Ore. Governor Abolishes Death Penalty

Oregon Gov. John Kitzhaber has declared the abolishment of the death penalty for the remainder of his term in office.

Kitzhaber announced on Tuesday that he is morally opposed to capital punishment and has deep regrets for allowing two men to be executed in the 1990s. While Kitzhaber, a former physician, has always been opposed to the death penalty citing his doctor’s pledge to “do no harm,” he approved the execution of the two men because he believed the duty of the governor was to enact the will of the people.

The moratorium will immediately affect a twice-convicted murderer, Gary Haugen, who was scheduled to be executed by lethal injection in two weeks. There are 37 other inmates currently on death row in the state.

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The reprieve will last through his term which ends in January 2015. He has not stated whether or not he will seek reelection.

In the past, Oregon has wavered on the death penalty, going back and forth from legalizing and prohibiting it. Most recently Oregon voters legalized it in 1984 with a 56-44 vote.

"I simply cannot participate once again in something that I believe to be morally wrong," he announced in an emotional press conference in his office. He urges the government to find a different way to deal with convicted criminals. He believes the current system is expensive, arbitrary, and “fails to meet the basic standards of justice.”

"I do not believe those executions made us safer. Certainly I don't believe they made us nobler as a society."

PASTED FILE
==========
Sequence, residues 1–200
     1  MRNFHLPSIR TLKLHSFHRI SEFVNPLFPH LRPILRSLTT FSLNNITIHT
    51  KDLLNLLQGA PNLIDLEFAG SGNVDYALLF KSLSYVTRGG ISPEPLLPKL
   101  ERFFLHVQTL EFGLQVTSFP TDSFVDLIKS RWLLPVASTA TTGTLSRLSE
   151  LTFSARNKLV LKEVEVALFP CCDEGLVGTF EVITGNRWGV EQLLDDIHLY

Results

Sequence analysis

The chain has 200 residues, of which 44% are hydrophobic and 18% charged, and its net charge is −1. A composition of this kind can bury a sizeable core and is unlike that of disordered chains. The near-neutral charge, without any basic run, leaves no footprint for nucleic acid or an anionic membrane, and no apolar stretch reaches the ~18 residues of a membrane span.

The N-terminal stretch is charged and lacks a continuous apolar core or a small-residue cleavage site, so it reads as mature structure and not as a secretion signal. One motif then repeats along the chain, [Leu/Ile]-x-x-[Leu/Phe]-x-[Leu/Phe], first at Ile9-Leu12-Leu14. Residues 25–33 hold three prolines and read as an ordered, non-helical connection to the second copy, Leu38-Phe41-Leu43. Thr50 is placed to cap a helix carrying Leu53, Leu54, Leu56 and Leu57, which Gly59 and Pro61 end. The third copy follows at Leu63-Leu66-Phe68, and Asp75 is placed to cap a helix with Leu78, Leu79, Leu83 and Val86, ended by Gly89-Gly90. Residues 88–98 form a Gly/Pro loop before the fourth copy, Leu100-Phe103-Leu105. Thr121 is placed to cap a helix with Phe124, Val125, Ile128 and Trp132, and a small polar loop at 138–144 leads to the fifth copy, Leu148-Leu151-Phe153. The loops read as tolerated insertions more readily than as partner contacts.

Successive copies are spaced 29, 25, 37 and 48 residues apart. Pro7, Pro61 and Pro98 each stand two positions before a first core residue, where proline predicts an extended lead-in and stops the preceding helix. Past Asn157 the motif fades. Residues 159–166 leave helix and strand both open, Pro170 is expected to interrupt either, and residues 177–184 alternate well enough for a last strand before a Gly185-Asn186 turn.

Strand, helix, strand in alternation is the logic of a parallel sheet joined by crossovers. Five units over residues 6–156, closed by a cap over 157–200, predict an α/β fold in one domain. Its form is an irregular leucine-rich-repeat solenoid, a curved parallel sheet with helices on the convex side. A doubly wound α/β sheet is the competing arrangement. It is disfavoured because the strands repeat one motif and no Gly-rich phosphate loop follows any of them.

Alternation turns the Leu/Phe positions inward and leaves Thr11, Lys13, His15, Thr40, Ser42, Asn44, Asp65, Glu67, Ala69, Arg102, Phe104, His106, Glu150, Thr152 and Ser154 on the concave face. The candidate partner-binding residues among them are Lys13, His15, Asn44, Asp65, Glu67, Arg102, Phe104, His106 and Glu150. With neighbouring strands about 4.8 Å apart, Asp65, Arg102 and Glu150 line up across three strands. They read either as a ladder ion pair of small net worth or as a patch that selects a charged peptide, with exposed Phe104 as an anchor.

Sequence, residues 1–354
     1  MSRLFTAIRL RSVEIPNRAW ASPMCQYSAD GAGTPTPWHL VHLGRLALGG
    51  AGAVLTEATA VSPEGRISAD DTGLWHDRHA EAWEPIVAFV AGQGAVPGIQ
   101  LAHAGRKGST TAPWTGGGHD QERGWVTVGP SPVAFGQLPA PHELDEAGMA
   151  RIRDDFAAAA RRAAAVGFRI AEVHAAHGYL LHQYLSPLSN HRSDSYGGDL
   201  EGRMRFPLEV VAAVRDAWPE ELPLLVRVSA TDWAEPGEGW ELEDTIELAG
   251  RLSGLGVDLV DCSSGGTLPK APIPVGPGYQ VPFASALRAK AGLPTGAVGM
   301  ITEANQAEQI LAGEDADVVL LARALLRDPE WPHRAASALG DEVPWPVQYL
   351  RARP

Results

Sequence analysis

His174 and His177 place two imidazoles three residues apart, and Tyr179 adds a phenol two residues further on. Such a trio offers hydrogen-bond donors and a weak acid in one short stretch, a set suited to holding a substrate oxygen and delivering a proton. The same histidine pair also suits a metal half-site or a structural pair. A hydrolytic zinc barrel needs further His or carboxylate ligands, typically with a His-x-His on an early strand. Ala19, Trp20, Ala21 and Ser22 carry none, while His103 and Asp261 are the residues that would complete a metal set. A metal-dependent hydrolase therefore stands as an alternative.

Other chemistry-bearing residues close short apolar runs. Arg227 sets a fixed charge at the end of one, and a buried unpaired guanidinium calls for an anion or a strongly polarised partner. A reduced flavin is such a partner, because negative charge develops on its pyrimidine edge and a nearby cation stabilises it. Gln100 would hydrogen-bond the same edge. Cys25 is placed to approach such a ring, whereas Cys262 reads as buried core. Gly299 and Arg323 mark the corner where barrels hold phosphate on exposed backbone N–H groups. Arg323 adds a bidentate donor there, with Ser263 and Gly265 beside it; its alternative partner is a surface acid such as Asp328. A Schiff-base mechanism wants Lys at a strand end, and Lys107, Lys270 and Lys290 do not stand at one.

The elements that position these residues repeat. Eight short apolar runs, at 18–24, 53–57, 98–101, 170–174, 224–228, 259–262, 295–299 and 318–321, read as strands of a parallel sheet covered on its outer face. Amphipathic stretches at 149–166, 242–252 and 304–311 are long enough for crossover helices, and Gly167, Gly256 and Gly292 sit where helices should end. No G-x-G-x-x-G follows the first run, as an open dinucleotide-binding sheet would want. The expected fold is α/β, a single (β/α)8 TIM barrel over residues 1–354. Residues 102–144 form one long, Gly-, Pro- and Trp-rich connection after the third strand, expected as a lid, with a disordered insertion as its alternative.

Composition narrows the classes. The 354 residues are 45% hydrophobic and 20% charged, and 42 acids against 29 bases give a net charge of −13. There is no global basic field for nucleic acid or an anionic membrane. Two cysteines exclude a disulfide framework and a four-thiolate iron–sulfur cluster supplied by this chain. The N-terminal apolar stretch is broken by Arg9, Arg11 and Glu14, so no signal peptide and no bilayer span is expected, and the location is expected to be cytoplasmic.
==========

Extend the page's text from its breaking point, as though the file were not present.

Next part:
His decision was met with opposition.

Josh Marquis, Clatsop County district attorney, criticized the governor and said that Kitzhaber “showed more moral courage when he allowed the last two executions to occur despite his opposition,” according to Oregon Live.

"When you're the governor of the state and the law is X ... it is your duty to carry it out.”

The families of Haugen’s victims are devastated.

"This is such a miscarriage of justice," Ard Pratt said to Oregon Live. "This whole thing is just wrong." Haugen beat Pratt’s ex-wife to death in 1981, when he was just 19 years old, with his fists, baseball bat, and a roofing hammer. He claimed it was out of revenge because the ex-wife told her daughter to abort a baby she had with Haugen.

He was sentenced to life with the possibility of parole.

In 2003, Haugen stabbed another inmate 84 times and crushed his skull. The jury sent him to death row.

"Unquestionably, this decision will delay the closure that they deserve," Kitzhaber said about the families. "My heart goes out to them."

The governor, however, made it clear that he did not come to this decision lightly or out of compassion for Haugen and other inmates. Instead, he said that the death penalty is not handed down fairly. Some inmates who are serving life have committed similar crimes to those on death row. Also, he criticized the fact that the current system is expensive because most inmates fight their sentences in long and drawn out legal battles.

The governor continued, saying that Oregon should fully adopt the practice of life without the possibility of parole instead of the death penalty. Currently, Oregon only executes inmates who waive their legal appeals. So, essentially, only inmates who choose the death penalty are executed.

Steven Gorham, Haugen’s attorney, told reporters that his client would likely be disappointed by the governor’s decision because he chose execution as “a political protest and a path to freedom from the confines of death row.”

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